Novel weighted drug-disease pair graph
where W is the q×q weight matrix that is symmetrical and with the diagonal elements zeros.
Obviously, In all q drug-disease pair nodes in the graph, some drug-disease pairs have known treatment relationships whereas others are unknown which need to be predicted.
Let f=(f _{1},f _{2},⋯,f _{ s },⋯,f _{ q })^{ T }, f _{ s }∈{0,1} indicates whether the drug-disease pair (i,j) has a treatment relationship or not. Then the problem of predicting the drug-disease treatment relationships could be addressed by determining the value of f. In this work, we consider this problem as a graph cut problem [35], and cluster all drug-disease pair nodes into two groups (treatment and non-treatment) by cutting the graph into several sub-graphs so that pairs within the same sub-graph belong to the same group.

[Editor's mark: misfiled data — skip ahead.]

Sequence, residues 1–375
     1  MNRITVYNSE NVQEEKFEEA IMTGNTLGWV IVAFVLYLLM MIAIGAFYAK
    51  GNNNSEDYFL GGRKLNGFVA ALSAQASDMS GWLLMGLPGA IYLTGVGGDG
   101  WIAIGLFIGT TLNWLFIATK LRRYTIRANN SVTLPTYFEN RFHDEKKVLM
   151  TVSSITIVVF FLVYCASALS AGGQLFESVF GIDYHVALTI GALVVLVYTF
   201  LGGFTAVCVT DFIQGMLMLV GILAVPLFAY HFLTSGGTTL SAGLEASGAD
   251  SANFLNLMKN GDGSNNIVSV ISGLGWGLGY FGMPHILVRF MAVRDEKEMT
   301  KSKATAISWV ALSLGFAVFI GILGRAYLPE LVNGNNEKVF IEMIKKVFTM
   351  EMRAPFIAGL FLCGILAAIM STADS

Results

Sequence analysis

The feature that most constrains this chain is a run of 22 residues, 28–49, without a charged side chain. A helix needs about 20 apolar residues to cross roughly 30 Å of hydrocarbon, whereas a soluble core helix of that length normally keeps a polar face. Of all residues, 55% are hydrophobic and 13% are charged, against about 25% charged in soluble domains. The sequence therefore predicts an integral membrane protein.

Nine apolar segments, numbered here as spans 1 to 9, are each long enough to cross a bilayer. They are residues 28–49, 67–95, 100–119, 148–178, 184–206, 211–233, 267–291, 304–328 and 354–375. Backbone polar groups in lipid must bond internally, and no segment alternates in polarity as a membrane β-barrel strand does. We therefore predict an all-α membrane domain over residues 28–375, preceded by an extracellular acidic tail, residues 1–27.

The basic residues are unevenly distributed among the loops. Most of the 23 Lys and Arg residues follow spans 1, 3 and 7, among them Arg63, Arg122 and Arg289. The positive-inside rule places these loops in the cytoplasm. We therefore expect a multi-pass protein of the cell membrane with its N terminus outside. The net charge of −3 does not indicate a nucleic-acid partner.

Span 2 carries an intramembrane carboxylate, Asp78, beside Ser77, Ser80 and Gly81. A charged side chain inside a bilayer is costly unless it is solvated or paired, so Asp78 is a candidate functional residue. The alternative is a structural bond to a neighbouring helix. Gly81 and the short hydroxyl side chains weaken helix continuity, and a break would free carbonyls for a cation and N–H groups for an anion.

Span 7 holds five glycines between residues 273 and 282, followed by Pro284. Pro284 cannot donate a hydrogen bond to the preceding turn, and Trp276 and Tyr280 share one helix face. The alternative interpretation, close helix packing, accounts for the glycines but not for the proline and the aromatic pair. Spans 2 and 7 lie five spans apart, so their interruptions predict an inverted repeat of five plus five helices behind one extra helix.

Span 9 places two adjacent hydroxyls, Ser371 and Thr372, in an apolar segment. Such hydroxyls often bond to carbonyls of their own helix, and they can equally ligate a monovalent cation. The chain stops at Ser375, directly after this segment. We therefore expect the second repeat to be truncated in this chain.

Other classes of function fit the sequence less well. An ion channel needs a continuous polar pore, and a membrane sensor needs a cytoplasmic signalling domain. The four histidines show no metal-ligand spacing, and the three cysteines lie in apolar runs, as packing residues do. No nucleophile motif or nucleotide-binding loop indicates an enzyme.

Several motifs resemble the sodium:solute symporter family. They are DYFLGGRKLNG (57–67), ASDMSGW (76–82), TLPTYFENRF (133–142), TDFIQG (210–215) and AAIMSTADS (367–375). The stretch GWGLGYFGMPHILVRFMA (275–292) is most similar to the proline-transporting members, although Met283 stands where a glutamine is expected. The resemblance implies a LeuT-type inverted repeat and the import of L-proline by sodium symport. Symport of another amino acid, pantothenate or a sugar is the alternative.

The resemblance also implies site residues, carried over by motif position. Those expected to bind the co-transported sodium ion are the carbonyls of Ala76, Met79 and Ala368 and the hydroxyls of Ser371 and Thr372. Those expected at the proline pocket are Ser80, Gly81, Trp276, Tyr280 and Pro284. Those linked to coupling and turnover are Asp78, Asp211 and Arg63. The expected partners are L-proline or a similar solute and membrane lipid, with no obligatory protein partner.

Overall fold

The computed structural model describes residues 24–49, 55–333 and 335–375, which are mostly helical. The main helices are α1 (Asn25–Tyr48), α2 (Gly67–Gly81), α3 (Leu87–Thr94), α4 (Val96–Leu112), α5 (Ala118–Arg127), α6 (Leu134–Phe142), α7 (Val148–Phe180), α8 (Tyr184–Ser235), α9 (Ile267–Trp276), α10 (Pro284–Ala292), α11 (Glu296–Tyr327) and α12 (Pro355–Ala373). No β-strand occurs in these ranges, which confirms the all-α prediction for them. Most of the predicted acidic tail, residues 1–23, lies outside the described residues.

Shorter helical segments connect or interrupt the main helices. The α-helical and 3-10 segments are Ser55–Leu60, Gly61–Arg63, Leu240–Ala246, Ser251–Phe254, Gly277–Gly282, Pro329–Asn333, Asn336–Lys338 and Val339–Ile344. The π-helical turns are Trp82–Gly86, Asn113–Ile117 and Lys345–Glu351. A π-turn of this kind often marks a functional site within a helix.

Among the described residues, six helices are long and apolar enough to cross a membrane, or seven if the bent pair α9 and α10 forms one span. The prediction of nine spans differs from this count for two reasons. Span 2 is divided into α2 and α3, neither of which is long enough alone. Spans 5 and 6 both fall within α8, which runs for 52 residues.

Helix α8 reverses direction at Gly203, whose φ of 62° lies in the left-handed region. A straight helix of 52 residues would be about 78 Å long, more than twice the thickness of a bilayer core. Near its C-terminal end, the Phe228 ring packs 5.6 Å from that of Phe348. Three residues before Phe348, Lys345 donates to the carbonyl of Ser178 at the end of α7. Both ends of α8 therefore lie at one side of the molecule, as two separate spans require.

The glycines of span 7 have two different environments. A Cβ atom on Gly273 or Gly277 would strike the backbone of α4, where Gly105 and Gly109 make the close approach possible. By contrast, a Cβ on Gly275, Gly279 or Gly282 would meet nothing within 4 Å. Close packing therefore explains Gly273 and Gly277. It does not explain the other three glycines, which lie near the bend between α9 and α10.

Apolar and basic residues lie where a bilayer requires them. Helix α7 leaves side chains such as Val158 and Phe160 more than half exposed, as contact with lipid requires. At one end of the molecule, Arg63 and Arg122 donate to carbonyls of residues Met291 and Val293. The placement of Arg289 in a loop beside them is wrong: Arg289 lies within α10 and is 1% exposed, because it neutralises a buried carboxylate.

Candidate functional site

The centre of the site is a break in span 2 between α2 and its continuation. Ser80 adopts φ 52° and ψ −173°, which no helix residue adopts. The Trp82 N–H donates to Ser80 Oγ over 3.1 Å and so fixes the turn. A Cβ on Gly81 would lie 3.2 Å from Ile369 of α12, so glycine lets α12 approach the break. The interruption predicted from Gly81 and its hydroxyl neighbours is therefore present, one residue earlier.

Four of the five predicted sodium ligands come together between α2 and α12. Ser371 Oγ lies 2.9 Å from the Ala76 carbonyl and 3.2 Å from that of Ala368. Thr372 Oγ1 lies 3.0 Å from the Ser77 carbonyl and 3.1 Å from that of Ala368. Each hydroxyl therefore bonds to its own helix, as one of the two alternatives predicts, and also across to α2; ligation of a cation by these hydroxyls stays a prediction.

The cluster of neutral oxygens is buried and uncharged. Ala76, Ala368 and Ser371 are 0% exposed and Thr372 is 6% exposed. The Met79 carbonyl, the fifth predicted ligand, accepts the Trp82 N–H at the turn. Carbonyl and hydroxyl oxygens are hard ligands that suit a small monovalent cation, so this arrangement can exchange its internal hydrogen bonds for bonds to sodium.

Semi-supervised graph cut approach
Equation (4) illustrates that we only consider the priori values of unknown drug-disease pairs.
Let ∧_{ L }(Labeled) and ∧_{ U }(Unlabeled) are two q×q diagonal matrices indicating the treatment states of drug-disease pairs observed from the data set; p=(p _{1},p _{2},⋯,p _{ s },⋯,p _{ q })^{ T }(p _{ s }=P _{ ij }); y=(y _{1},y _{2},⋯,y _{ s },⋯,y _{ q })^{ T }(y _{ s }=Y _{ ij }). Obviously, y is the diagonal vector of matrix ∧_{ L }; ∧_{ U }=I _{ q }−∧_{ L }; and \(\wedge _{L}^{k} = \wedge _{L}\), \(\wedge _{U}^{k} = \wedge _{U}\); ∧_{ L } y=y, ∧_{ U } p=p.